More than 85% of organizations use cloud platforms for at least one application today. That said, most organizations also face challenges when transitioning to a cloud environment. Find out what some of the most common cloud migration problems are, and how a managed service provider and an end-to-end cloud migration strategy can ensure successful data migration.
WHY BUSINESSES ARE WILLING TO FACE CLOUD DATA MIGRATION CHALLENGES
Few organizations are concerned about the costs of transitioning to the cloud. But the advantages of migrating data to the cloud are exponential.
Virtually every business is willing to bear the short-term pain of migrating to take advantage of the long-term benefits of cloud computing:
- Cost Savings
- Disaster recovery
- Autonomous software updates
Though every organization’s business objectives are different, and strategies for moving data to a cloud-based environment also unique, most still face very similar challenges.
In this article, we discuss the top challenges surrounding the cloud migration process, and how you can avoid them.
TOP 8 CLOUD MIGRATION CHALLENGES AND PROBLEMS
– SECURITY & PRIVACY
The moment your data begins transitioning from physical servers to the cloud is when it’s most vulnerable. Take into account network security and potential vulnerabilities before beginning the migration process.
It’s advisable to check:
- What short-term vulnerabilities could the cloud migration process cause?
- Will systems be monitored for threats in real-time?
- Will data be end-to-end encrypted and backed up?
- How do the cloud platform’s security policies align with your own?
- Is it compliant with data security compliance standards (HIPAA, PCI DSS, CCPA, etc.)?
When moving large amounts of data to the cloud, one of the biggest risks is network outages. If your data is not adequately backed up, interruptions can cause irretrievable data loss.
A potential workaround is creating a backup IT environment that can house and run applications until migration is complete. Note that it’s common for temporary servers to be unable to handle peak user loads.
In such situations, it’s best to manage user workloads and/or proactively inform users of limited capacity and occasional application unavailability.
It’s why handling cloud migration during hours of minimum demand is ideal.
– LACK OF STRATEGY
Many organizations make the mistake of failing to define their cloud strategy. Every business’s cloud migration needs vary, but a detailed cloud migration checklist can go a long way to mitigating issues.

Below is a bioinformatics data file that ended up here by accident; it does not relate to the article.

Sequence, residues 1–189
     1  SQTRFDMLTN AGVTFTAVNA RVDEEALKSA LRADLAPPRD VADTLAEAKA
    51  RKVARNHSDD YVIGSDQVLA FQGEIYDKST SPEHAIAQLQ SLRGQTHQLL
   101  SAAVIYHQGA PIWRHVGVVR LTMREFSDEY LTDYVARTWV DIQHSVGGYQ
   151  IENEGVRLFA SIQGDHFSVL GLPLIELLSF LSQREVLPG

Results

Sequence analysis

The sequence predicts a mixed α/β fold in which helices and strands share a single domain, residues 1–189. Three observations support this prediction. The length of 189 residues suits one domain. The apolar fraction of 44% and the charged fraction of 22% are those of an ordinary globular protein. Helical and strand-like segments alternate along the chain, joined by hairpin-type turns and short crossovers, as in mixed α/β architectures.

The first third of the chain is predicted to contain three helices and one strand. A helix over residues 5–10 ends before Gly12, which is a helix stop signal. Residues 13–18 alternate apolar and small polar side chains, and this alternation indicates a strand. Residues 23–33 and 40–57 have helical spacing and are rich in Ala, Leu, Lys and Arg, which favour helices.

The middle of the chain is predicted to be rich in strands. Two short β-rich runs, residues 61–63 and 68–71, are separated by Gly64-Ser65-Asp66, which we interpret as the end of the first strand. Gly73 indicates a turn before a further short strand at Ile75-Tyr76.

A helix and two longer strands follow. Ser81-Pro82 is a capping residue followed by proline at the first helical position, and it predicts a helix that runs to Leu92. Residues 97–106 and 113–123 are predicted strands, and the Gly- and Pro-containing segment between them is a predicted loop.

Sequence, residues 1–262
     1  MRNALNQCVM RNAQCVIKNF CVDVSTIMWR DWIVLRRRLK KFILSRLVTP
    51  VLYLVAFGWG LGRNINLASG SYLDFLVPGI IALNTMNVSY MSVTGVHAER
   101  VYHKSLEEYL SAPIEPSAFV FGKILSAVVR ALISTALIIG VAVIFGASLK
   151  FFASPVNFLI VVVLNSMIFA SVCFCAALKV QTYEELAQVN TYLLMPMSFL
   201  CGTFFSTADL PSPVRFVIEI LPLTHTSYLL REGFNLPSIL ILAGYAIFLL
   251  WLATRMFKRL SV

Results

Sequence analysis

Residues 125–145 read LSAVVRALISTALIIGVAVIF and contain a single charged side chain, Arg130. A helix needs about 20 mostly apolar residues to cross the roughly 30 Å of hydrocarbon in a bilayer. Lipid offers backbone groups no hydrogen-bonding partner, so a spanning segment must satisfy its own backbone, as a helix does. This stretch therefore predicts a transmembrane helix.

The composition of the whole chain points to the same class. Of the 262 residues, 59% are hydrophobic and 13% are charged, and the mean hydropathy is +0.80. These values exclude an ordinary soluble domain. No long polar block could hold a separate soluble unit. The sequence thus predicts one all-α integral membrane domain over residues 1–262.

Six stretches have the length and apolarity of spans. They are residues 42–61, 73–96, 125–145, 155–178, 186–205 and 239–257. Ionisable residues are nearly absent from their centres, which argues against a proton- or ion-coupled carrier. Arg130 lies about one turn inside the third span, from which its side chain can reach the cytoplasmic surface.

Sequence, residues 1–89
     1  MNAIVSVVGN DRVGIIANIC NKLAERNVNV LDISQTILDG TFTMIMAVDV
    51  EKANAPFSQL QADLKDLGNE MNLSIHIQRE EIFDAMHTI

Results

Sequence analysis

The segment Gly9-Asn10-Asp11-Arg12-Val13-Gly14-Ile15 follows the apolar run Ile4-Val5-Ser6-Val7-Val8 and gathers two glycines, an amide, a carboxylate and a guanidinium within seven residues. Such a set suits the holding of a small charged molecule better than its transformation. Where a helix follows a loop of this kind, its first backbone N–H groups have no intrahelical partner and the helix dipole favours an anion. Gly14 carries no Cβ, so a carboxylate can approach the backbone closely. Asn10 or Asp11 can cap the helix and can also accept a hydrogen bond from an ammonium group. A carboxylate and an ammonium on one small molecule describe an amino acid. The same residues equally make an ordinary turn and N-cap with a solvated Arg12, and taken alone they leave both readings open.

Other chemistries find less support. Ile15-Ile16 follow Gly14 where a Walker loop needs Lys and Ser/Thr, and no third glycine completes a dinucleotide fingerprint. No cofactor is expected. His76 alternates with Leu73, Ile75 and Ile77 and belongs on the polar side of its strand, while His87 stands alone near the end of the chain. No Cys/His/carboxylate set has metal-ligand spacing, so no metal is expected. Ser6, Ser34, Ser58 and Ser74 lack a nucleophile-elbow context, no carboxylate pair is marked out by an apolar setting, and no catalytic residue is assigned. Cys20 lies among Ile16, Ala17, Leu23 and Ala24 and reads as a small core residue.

Organizations need to focus on creating a change management plan that explicitly defines:
- Comprehensive cloud migration strategy
- Potential cloud migration issues
- Resources to support migration
- Methods to validate successful migration
It’s why many organizations work with experienced IT professionals to develop high-level plans and metrics for a seamless transition.
Not all apps that need to migrate to the cloud may be compatible with the cloud environment. Some applications work better on a private or hybrid cloud as opposed to a public cloud, other applications require minor tweaking, while others may require extensive recoding.
If you are conducting a lift-and-shift cloud migration, make sure to identify and address interoperability issues between on-prem systems and cloud services.
However, with the availability of cloud-based services from a large number of providers, interoperability is less of a concern. If not the major providers (Google Cloud Platform, Microsoft Azure, or Amazon Web Services), there are many specialized offerings that may suit your needs better.
Whereas shifting to cloud-based services will reduce costs in the medium- and long-term, the initial migration process does have costs associated with it.
Consider the costs to your organization:
- Direct Expenses – Contracts, hardware, and software licenses
- Operational Expenses – Maintenance and labor
- Administrative Expenses – Payroll, staff training, and internal system management costs
Make sure the cloud services you opt for don’t have extended vendor lock-in periods, which can limit your freedom to move to cloud services that are more competitively priced.
Adaptability in cloud migration refers to an organization’s ability to co-op and become efficient with new systems and policies.
Organizations unable to adapt often face cloud migration problems. When transitioning to the cloud, prepare business processes to operate hand-in-hand with the new architecture. That may mean taking a new approach to allocate:
- Technical resources
- Control procedures
In-house IT teams have limited skill sets and resources when it comes to handling the rigors of cloud migration. If you’re in an industry where data security compliance standards are high and your IT staff lack proper certifications, you may be putting your business at risk.
Additional risks of cloud migration include data loss, extra latency, and incompatibility with the current IT infrastructure. To avoid these risks, consider working with an experienced IT partner or follow a cloud migration checklist.
Cloud-hosted applications should reflect similar or better performance than on-premise environments. However, failure to specify the bandwidth requirements for cloud-hosted applications can result in latency, poor user experiences, and negate the advantages of cloud migration.
Before migrating to the cloud, it’s crucial to map out your network constraints and bandwidth requirements.